I posted a picture on Instagram last night of me doing some Pilates/core work while wearing my Black Widow top from We Love Fine (you can get the top here). I had already worked out that morning, but was brainstorming outfit ideas for Fandom Fitness videos and threw on that top. Wearing that top though, I realized that I had the energy to add a little more exercise into my day, and ended up doing an additional 40 minutes of exercise comprised of barre, Pilates, and yoga.
This morning I reposted that photo along with a more detailed description on the Fandom Fitness Facebook and Instagram accounts. It was meant to be more of what I’d written on the post from my personal Instagram (“When doing a Pilates/barre workout, I like to channel my inner Black Widow – she’s got the dance background and a killer core”), but ended up getting a little deeper.
We put so much energy into our fandoms, but let’s remember to put that energy into ourselves too. Core strength and flexibility isn’t just for an Avenger (or the actor who plays her). We’re just as capable of developing our planks, balance, and flexibility.
I know for myself, and from talking to other creative, detail-oriented, perfectionists, that motivation is difficult when the ideal is Scarlet Johansson, Chris Evans, Chris Hemsworth, or their comic counterparts. They are so on the extreme of fitness achievements, which makes sense because it’s part of their jobs and they work hard for it (or because they’re artistic renderings). But for most of us, including fitness professionals, we don’t get paid to workout and we don’t have the same genetic makeup as those actors. We’re all built differently, we have different body compositions, we’re all at different fitness levels, and we’re all better at different aspects of fitness (the weight lifter versus the yogini for example).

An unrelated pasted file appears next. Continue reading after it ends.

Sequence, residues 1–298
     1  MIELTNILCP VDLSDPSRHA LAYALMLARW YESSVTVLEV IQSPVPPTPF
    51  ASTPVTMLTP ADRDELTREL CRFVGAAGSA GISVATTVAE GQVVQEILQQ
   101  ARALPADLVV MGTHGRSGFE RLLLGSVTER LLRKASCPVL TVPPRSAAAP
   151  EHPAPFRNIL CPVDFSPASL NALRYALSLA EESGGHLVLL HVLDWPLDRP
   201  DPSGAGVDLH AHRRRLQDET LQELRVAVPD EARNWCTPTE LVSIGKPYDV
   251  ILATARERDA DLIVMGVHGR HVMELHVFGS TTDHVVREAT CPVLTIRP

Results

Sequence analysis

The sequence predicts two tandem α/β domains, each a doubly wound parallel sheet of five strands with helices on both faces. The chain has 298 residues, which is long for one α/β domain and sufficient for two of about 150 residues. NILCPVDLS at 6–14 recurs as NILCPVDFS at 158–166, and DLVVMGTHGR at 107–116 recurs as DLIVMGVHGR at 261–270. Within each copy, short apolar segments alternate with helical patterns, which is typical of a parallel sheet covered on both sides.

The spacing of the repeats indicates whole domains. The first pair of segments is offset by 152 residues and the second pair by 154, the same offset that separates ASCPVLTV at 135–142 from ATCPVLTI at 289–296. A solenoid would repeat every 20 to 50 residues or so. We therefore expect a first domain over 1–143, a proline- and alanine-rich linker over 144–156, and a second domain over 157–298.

This is all to say that our bodies are capable of so much physically, but achieving the full potential of our fitness goals hinges on what goes on mentally. There’s a fitness term called “thought traps.” Basically, if you see yourself achieving your goals, have specific and realistic ways to implement changes in your life to work towards those goals, then you’ll be successful. On the other hand, if you think negatively about yourself or your body, or don’t think you’ll achieve your goals, then you won’t.
I started my fitness journey in 2013, and so much of what has held me back or slowed down my progress has to do with negative thoughts. No, I don’t currently look like ScarJo in the above gif and, no, I can’t perform that move (even with wires). But I can get 30 minutes of exercise in a day, I can add a serving of fruit or vegetables to every meal, and I can limit my portions. And when I do those things, I lose weight, I get stronger, my running pace increases, that same HIIT workout that killed me isn’t so hard anymore, etc.
We are all so much more capable and awesome than we think we are. And when we remind ourselves of this, we’re successful.